Letter from Nishant: Why Social Entrepreneurship?

By Head of School Nishant N. Mehta

For over a decade now, futurists have said that today’s children will take jobs and start businesses we can’t predict. Our job then, as parents and educators, is to prepare those children for a future that is volatile, uncertain, complex, and ambiguous (VUCA). A traditional education, like the one you and I had growing up, is no longer sufficient. Math, English, history, science, art and music, world languages, and other traditional disciplines are still important but what and how they are taught must change if we are going to ensure that children are adequately prepared for the uncertainty and ambiguity that awaits them as adults.

For the last ten years, the word “innovation” has made its way into every school and company’s mission and vision statement, strategic plan, curriculum, and project. If you’re not an innovator or innovating, then you’re not relevant. The problem is that the word is overused and old things are new again and what we’ve always done is tweaked just enough so we can call it innovative. A maker-space, every school’s darling now, is yesterday’s wood shop. We are teaching science, technology, arts, and math pretty much the same way we did before but we’ve introduced new software and upgraded facilities so we can say we are doing STEAM now.

For The Children’s School, that vision and implementation are not bold enough and don’t push far enough to do what we believe is necessary to prepare our children for a VUCA world. We want our children to be innovative but that mindset is not new to who we are. Impact and outcomes matter equally, if not more, than the means. To quote Bill Gates’ letter in the annual report of the Gates Foundation in 2011, “Innovation is the means and equity is the end goal.” So how is TCS producing innovators? What does innovation look like at TCS?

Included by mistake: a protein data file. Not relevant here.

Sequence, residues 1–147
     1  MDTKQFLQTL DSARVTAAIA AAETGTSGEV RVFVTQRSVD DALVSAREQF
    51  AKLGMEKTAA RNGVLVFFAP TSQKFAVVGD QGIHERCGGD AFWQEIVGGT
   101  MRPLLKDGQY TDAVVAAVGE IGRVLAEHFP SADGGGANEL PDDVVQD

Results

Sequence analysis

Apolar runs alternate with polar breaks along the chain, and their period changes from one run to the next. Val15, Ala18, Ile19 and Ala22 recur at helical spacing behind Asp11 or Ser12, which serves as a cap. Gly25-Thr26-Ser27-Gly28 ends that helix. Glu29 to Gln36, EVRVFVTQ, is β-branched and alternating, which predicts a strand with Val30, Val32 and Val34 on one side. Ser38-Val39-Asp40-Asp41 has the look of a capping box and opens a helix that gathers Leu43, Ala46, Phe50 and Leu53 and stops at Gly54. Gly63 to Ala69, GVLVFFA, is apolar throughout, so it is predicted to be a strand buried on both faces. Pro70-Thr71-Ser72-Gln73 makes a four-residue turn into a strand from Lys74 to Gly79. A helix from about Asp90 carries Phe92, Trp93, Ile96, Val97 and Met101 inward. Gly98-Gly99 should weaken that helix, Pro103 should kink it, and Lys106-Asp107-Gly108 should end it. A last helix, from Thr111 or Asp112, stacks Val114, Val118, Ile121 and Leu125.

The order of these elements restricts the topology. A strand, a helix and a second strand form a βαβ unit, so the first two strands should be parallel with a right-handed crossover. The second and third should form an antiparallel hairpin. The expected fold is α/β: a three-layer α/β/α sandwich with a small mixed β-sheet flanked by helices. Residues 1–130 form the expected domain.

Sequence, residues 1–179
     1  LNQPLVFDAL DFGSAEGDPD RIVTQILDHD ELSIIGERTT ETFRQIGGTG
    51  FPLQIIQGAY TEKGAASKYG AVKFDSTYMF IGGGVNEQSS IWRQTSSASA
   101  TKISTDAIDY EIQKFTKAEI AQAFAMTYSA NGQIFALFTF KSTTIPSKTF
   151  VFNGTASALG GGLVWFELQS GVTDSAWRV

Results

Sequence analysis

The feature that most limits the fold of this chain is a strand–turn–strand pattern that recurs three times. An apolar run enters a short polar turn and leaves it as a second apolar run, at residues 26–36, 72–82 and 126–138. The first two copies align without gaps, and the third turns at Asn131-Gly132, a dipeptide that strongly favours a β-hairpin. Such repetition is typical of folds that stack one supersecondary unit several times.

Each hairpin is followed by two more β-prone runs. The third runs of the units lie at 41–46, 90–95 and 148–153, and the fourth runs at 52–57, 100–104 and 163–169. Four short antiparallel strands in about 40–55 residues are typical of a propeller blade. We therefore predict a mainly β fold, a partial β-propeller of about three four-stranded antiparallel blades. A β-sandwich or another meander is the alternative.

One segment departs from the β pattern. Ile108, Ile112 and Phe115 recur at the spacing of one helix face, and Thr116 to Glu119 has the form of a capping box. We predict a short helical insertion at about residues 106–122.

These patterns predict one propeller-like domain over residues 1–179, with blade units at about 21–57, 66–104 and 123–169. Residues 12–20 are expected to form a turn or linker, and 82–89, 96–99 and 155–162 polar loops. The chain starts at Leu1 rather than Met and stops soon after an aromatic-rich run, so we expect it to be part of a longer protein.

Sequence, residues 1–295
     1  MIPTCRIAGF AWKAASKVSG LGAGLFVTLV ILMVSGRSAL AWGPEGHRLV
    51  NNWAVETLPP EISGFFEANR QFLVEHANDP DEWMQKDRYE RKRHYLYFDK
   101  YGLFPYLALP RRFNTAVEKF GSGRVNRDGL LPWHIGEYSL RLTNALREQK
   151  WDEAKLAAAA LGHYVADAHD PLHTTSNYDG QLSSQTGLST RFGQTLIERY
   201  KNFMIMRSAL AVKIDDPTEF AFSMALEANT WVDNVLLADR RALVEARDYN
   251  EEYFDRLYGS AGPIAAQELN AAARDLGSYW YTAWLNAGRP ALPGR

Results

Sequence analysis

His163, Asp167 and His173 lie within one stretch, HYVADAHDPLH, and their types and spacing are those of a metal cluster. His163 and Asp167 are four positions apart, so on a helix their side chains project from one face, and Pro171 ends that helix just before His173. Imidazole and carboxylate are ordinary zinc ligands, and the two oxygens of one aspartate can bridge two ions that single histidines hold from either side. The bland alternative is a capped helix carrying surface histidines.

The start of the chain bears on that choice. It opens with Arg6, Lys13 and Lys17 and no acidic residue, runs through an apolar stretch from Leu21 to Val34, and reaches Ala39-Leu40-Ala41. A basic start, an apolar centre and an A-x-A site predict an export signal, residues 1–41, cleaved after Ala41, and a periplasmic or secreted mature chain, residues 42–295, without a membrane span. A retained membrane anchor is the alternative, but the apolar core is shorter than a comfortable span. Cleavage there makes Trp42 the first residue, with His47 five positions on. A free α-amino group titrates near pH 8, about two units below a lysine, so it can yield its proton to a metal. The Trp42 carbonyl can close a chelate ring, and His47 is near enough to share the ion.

This Scout’s Report is dedicated to social entrepreneurship, a new initiative that embeds entrepreneurial skills and mindset into our core curriculum. We are starting with our first eighth-grade class, launched this school year. These 12 seniors will matriculate as entrepreneurs. They will leave TCS with the knowledge, attitude, and skills to bring their creative, problem-finding and problem-solving selves to any problem, big or small, to focus on impact and outcomes in their school or company or elsewhere.

Some have asked, “Why ‘social’ entrepreneurship? Why not just entrepreneurship?” We believe there’s a possible distinction without a difference. It is my firm belief, and consistent with TCS values and history, that we graduate students who care about others and the world around them. Doing good and making money are not inconsistent with one another. There are more and more successful examples of social entrepreneurs, such as Warby Parker and Tom’s Shoes. These companies are rewarded by their customers and investors for their efforts to make the world a better place.

Innovation is not a buzzword at TCS. It’s reality. Over the next few years, we will integrate those entrepreneurial skills and mindset into our curriculum in other grades. Regan Durkin, TCS middle grades teacher, is spearheading this initiative for us. She brings a wealth of experience, knowledge and connections in this area, having previously served as the Assistant Director of the Shore Center for Entrepreneurship at Kennesaw State University.

Our children care about the world; if we believe that innovation is the means and equity is the end goal, then entrepreneurship gives us the skills and vision to build a better future for everyone. I hope you will join us in this mission.